Chateau Meyney St Estephe 2020 is a smart wine with good balance. I was struck by the simplicity and elegance of Chateau Meyney St Estephe 2020. In a vintage where I’m not confident St-Estephe did so well, Meyney was a real stand out.
Chateau Meyney St Estephe 2020 is sold En-Primeur. You order and pay now, to receive the En-Primeur pricing. You will receive the wine in mid-late 2023
Chateau Meyney is owned by CA Grand Crus, which also own Grand Puy Ducasse and other estates. Hubert de Bouard of Chateau Angelus is consultant. Chateau Meyney has 51 hectares, 60% is Cabernet Sauvignon, 30% is Merlot and the balance is Petit Verdot. Unusually, Chateau Meyney is one large vineyard rather than having parcels in different parts of the appellation.
Chateau Meyney St Estephe 2020 Wine Review
Bordeaux 2020: best value reds
“A punch of bright plummy fruits, a little austere on the finish but one that you feel will age well. Mocha and coffee bean through the mid palate, keeping things moving right along at a fair pace, with a generous handful of rosemary and sage spice on the finish. Harvest 16 September to October 1. Always one of the real value picks in St-Estèphe. Drinking Window 2025 – 2038.”
Situated near the Atlantic coast of France. The Gironde, Dordogne and Garonne rivers provide its shape. Cool conditions and frequent rainfall, including during harvest time, make Bordeaux quite a marginal region with vintages frequently ruined by rain or saved from the rain at the last minute by timely sunshine.
The Northernmost appellation in the 1885 classification the higher levels of clay makes for denser wines with good fruit richness and plush palate. St-Estephe only has five classified growths but it is a case of quality 0ver quantity.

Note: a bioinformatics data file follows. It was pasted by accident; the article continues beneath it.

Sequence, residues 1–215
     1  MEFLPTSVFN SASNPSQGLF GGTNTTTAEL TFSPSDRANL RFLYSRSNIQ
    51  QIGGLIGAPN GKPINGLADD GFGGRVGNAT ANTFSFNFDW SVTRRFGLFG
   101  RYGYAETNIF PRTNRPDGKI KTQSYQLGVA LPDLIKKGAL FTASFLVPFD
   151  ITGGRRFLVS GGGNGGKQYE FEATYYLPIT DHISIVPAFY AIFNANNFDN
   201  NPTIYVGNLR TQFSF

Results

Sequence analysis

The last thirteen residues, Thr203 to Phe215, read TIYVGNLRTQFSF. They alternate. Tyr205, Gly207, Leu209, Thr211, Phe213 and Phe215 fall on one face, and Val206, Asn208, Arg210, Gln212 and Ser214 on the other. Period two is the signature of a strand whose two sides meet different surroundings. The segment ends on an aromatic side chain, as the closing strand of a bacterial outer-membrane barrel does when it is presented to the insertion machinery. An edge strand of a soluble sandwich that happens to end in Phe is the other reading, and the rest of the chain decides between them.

The noble variety of Bordeaux’s left bank. Firm tannins, a streak of acidity and punctuated by flavours of cassis, violets, spice and leather. The best examples can age for the long-term. Although Cabernet does often require blending with Merlot, Cabernet Franc or Shiraz to fix the hole it has in its middle palate.
It gets a tough time most of the places it is grown. But in Pomerol and Saint-Emilion Merlot not only dominates but makes some of the best wines in the world. Perfume, silky and plush. Cabernets Franc and Sauvignon season the wines with structure and acid but in some places, like Petrus, they are almost not needed.
The land that so many New World (not European) wine producers look to emulate. To generalise about French wine, I would say it is savoury, lighter-bodied wines. They are the definition of elegant, complex. There are many styles, though. And there is a French wine for every palate. They lead the world in Pinot Noir and Chardonnay in Burgundy. Sparkling Wine in Champagne. Cabernet and Merlot in Bordeaux. Syrah(Shiraz) and Grenache in the Rhone Valley. Riesling, Gewurztraminer, and Pinot Gris in Alsace. Sauvignon Blanc, and Chenin Blanc in the Loire Valley. Gamay in Beaujolais.
Wine is the result you get from fermented grape juice. There is proof of wine production dating back 8000 years ago. Fashions, innovations and many other factors have influenced the way wine has evolved over the years.
The wine grape is pretty special. It contains everything you need to make grape wine except for the yeast, which lives on the outside of the skins.
Human inputs can influence the final product. This includes the viticulture (growing) choices. And the winemaker can shape the wine to a point too.
The best wines of the world often refer to terroir. This is a French term that refers to all the climatic, geological and topographical influences on a specific piece of land. And it is true that neighbouring vineyards, grown identically, can taste noticeably different.
Fun fact; most of the colour for wines comes from the skins. There are only a handful of grapes that have red juice. Alicante is the most well known of these grapes.
By macerating the juice on the skins, the wine gains tannins, and flavours. Certain compounds change the chemistry of the wine too.
Red wines tend to have higher alcohol. More tannin and more oak flavours compared to other styles of wine. But the thousands of grapes and terroirs they grow in influence this.
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I, Phil, have been running The Wine Depository since 2011. The Wine Depository exists to make sure you are drinking the good wines. You can browse and pick what is interesting to you. Or you can make contact with me. I’ll make sure you get what you want, to your palate, to your budget and to your door.